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Is Adult Swim's Black Jesus the Savior We Need?

Bob Chipman | 18 Aug 2014 12:13
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Thus far, it's not a series that goes for the big laugh or the explosive slapstick payoff, preferring to let the "slice of life" humorous situations run their course while relying on the absurdity of the main character's existence to serve as an omnipresent punchline. There's nothing that funny, for example, about a grumpy building superintendent telling the main cast that they can't have a barbecue in the courtyard... except that Black Jesus happens to be there, working the grill.

The same can be said, at least early on, for stabs at full-blown social commentary. The central image of a dark-skinned Jesus Christ walking, crown of thorns, robes and all, through a "bad neighborhood" is incendiary enough on its own that you don't really need some kind of bigger moral/philosophical hook to make things meaningful: "Jesus getting interrogated by the LAPD" or "Traffic cop tickets a homeless man, turns out it's Jesus" are loaded enough without some kind of plot-specific reason for their occurrence.

Even the scenes of The Son of God hanging around smoking weed (or getting involved in other minor acts of criminality) with his disreputable chums comes pre-loaded with sly weightiness, practically begging a reactionary critic to sputter about how "The REAL Jesus wouldn't associate with crooks and prostit- oh. Wait..." This is comedy writing by way of Mr. Miyagi: "You see, Danny-san, you brought the impact to yourself!"

That said, while I'd be perfectly fine with the series just staying where it is and letting the characters and their exploits speak for themselves (an over-arching story about Black Jesus' desire to start a community garden has already begun to take shape, but that's about it) it seems almost inevitable that Black Jesus is building toward something bigger -- its world is too confidently-built and its characters (even this early) too fully-formed for there not to be a plan. Plus, starting from what sounds like a one-joke comedy sketch ("Jonny Quest but the dad's an asshole!," "Black Metal Spinal Tap!," "Davey & Goliath" as a brutal satire of American Christianity) and slowly revealing something bigger and deeper happening within (heroic-scifi characters surviving in a post-optimism world, an apocalyptic fantasy epic, an improbably-moving redemption narrative).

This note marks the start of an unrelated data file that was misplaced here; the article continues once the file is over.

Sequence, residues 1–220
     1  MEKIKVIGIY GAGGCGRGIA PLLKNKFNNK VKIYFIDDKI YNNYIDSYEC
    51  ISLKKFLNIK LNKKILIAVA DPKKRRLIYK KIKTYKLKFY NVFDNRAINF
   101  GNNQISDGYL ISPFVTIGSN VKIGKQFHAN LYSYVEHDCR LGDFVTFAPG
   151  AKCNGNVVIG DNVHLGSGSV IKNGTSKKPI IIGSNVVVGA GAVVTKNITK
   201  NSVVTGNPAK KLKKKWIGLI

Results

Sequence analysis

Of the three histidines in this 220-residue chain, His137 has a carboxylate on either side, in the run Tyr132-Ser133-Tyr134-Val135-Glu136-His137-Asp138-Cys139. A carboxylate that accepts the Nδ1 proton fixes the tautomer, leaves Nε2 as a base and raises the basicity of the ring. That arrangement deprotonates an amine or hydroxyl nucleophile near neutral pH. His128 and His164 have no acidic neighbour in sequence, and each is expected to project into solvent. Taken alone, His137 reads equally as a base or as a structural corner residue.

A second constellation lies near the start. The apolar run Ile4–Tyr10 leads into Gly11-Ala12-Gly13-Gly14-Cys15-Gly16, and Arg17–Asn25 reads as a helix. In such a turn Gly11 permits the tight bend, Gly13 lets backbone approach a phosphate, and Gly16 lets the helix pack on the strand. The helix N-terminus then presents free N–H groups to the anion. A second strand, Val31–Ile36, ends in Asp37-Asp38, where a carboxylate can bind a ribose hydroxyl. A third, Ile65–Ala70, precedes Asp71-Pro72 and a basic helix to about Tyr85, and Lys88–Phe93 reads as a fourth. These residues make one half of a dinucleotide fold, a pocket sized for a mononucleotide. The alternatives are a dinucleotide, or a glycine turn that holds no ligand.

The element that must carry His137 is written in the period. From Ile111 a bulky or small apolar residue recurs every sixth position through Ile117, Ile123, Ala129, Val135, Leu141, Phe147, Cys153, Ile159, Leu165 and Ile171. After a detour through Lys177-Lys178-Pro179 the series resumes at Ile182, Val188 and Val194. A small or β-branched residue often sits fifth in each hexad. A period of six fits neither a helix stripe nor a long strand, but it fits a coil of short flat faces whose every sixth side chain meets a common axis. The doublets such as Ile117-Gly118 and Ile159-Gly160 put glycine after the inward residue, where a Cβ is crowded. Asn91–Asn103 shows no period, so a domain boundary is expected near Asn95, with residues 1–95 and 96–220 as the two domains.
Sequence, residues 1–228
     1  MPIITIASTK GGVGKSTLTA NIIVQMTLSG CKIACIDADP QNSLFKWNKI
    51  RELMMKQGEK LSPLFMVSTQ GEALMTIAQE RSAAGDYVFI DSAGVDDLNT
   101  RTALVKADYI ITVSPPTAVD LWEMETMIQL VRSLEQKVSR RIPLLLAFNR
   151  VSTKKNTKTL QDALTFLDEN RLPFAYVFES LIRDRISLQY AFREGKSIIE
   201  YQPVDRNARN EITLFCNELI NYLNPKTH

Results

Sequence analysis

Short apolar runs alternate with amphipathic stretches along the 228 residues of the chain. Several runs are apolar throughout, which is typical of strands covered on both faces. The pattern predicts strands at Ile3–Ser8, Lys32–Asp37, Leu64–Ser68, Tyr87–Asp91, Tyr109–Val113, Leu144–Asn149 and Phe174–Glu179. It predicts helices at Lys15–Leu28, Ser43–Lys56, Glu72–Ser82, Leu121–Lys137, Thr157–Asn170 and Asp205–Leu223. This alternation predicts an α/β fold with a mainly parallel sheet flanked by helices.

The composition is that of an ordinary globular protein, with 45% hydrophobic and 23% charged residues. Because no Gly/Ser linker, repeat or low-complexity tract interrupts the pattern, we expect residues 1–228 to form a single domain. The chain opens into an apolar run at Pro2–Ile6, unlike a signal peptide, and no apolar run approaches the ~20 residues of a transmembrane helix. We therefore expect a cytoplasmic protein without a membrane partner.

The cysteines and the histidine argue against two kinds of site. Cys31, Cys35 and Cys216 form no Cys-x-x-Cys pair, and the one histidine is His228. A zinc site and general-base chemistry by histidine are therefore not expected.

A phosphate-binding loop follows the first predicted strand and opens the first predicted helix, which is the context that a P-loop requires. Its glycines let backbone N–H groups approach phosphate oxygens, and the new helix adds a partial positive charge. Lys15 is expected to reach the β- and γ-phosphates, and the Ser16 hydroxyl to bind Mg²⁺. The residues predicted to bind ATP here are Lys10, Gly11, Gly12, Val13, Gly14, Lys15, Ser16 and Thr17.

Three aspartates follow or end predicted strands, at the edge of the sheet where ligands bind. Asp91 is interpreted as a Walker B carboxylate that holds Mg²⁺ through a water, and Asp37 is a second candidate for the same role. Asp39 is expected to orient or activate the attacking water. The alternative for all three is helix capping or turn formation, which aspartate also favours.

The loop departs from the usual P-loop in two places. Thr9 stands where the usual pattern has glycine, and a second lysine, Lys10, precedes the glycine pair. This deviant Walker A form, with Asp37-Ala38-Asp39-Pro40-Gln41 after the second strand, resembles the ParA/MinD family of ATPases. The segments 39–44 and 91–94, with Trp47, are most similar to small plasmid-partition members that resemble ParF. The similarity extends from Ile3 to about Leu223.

And it's not like it would be any great stretch for Black Jesus to go big -- it's about a big character. It's easy to see how they might gradually segue from the day-to-day adventures and the community garden story to a full-on modernizing of the Crucifixion/Resurrection narrative, most obviously. But also, isn't Jesus being up and about in the present usually... part of The Apocalypse?

I want to see where Black Jesus is going. But for now it's funny, clever and quietly insightful -- exactly the sort of outside the norm programming a niche outfit like Adult Swim is supposed to exist to provide.

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